Investors in Evraz (LSE: EVR) have been through a tough few years as their shares collapsed in value during the commodities sector crunch. But they’ve come storming back since a low in June 2017, having more than doubled to today’s 380p.
An examination of the company’s outlook coupled with Thursday’s full-year production figures shows why.
The miner and steel producer saw crude steel production grow by 3.8% during the year, with steel product output (net of re-rolled volumes) up 3.2%. And production of coking coal concentrate is up by 6.2%, though saleable coke production fell by 17.9%.
In fact, the firm’s output of steel products across the board has been getting back to growth during 2017, as demand from North America has been improving and Evraz’s crude steel production volume has risen thanks to the completion in 2016 of repairs to its blast furnaces.
But the exciting news is on prices, with the average selling price of pig iron up by 59% and coke prices up 99% — and that fed through to price rises for all of Evraz’s product categories.
With the company’s balance sheet improving, there’s a return to dividends on the cards after a few lean years, with an interim dividend of 30 cents per share already in the bag.
That bodes well for the 6.8% yield expected for the 2017 full year, with forecasts suggesting 7% in 2018. And even after the storming share price recovery, we’re looking at P/E multiples of only around nine.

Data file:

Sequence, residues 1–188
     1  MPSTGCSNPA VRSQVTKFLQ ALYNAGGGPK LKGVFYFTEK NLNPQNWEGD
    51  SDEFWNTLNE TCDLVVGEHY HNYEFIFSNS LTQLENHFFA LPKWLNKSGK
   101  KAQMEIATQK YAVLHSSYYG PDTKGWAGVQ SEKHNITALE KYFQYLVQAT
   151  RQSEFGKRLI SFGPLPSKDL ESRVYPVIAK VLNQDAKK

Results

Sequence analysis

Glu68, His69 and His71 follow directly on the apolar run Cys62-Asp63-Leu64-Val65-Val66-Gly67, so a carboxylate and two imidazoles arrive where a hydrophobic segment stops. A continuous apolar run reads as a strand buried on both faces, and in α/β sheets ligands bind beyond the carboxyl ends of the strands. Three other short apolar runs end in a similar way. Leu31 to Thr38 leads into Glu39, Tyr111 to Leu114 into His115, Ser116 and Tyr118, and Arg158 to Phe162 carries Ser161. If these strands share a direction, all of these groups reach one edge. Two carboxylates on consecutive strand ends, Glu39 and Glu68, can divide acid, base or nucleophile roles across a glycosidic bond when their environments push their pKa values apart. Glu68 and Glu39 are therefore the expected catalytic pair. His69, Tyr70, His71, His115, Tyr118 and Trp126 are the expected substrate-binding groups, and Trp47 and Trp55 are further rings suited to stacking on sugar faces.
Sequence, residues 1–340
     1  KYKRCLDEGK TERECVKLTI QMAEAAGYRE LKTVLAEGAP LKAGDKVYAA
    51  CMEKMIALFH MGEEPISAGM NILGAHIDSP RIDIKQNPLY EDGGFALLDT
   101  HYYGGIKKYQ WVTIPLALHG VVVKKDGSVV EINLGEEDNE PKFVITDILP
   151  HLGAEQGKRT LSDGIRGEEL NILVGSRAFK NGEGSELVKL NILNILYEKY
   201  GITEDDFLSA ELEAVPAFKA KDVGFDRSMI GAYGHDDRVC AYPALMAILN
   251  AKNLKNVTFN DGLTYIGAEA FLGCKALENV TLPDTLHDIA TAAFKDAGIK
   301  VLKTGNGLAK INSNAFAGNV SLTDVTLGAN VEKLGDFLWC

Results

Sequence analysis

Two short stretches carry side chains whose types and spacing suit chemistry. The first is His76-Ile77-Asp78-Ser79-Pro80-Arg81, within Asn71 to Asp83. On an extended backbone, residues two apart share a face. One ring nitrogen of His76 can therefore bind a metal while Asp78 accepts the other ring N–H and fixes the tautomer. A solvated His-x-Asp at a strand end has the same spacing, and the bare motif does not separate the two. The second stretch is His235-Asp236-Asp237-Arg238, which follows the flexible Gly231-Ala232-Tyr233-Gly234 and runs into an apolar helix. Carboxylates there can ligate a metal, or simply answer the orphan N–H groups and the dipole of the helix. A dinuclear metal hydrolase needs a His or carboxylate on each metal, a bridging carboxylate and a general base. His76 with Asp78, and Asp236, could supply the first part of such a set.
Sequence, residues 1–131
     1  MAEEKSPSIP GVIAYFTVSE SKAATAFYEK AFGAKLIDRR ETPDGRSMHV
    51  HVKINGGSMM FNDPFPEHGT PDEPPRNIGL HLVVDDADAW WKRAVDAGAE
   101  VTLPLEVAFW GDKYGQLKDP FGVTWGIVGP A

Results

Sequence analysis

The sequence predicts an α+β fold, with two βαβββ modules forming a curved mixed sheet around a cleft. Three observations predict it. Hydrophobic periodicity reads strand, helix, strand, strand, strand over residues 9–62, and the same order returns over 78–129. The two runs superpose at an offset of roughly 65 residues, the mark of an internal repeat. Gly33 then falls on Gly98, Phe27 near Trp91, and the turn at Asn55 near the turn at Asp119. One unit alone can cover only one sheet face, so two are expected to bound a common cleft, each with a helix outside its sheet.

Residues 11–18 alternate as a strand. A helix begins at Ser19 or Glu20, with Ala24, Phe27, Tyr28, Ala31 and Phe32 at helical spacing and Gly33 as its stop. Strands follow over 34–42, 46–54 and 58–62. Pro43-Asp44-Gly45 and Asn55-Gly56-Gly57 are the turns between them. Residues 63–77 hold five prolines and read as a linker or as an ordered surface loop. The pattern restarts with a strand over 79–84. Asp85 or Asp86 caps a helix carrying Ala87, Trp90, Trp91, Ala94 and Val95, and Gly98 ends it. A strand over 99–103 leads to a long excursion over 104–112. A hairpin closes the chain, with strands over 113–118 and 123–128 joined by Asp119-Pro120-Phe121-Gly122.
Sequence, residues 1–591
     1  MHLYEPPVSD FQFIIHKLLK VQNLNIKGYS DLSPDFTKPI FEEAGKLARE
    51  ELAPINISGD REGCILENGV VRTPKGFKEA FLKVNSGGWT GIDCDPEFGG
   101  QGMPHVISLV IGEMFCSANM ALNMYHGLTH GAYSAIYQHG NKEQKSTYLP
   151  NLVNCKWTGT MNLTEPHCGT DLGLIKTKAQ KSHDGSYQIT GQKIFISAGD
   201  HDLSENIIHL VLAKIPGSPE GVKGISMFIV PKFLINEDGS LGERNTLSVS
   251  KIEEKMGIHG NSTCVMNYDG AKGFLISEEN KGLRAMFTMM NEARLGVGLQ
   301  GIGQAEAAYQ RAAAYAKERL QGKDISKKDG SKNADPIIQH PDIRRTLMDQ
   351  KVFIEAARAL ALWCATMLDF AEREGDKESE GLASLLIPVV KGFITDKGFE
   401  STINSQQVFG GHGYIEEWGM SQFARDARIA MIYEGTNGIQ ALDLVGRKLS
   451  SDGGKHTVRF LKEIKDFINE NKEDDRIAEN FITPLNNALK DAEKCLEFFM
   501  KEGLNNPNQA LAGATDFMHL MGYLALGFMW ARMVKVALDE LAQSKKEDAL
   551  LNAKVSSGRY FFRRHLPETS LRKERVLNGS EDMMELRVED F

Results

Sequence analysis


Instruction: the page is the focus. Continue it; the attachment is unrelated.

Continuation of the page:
Evraz is a stock I’d buy for its long-term dividend prospects (while being mindful of the cyclical nature of commodities markets), but I expect further share price growth too.
With the unfortunate demise of Carillion still such a shock, you could be forgiven for steering clear of the whole construction and outsourcing industry. But if you do, I think you could be missing out on some solid investments.
Galliford Try (LSE: GFRD) is one. Its share price has already been hit by the sector fallout as it, along with Balfour Beatty, is involved in a joint venture with Carillion. Any shortfall in the estimated £60m-£80m needed to finish the project would be shared equally between partners, so there’s likely to be some hit.
It’s resulted in an 8% share price fall in the past week to 1,180p, but I see that as oversold.
The stock’s forward P/E is now under eight — and that’s with 16% EPS growth forecast for the year to June 2018, and a further 11% pencilled in for 2019.
I think that alone makes the shares look good value, especially considering that Galliford Try’s earnings have been growing steadily, and I see no reason to suspect that’s going to stop any time soon.
Wads of cash
But the real prize is the firm’s dividend, which has been strongly progressive in recents years and is expected to yield a whopping 7.7% by June. Cover by earnings of 1.7 times should be fine.
Galliford Try isn’t under anything like the debt pressure that helped see off Carillion, with the company actually boasting net cash of £7.2m at its year end on 30 June 2017. And that was an improvement, from net debt of £8.7m a year previously.
With the UK’s housing shortage, I can only see the current construction boom continuing — and I see very attractive long-term dividends here.
Alan Oscroft has no position in any of the shares mentioned. The Motley Fool UK has no position in any of the shares mentioned. Views expressed on the companies mentioned in this article are those of the writer and therefore may differ from the official recommendations we make in our subscription services such as Share Advisor, Hidden Winners and Pro. Here at The Motley Fool we believe that considering a diverse range of insights makes us better investors.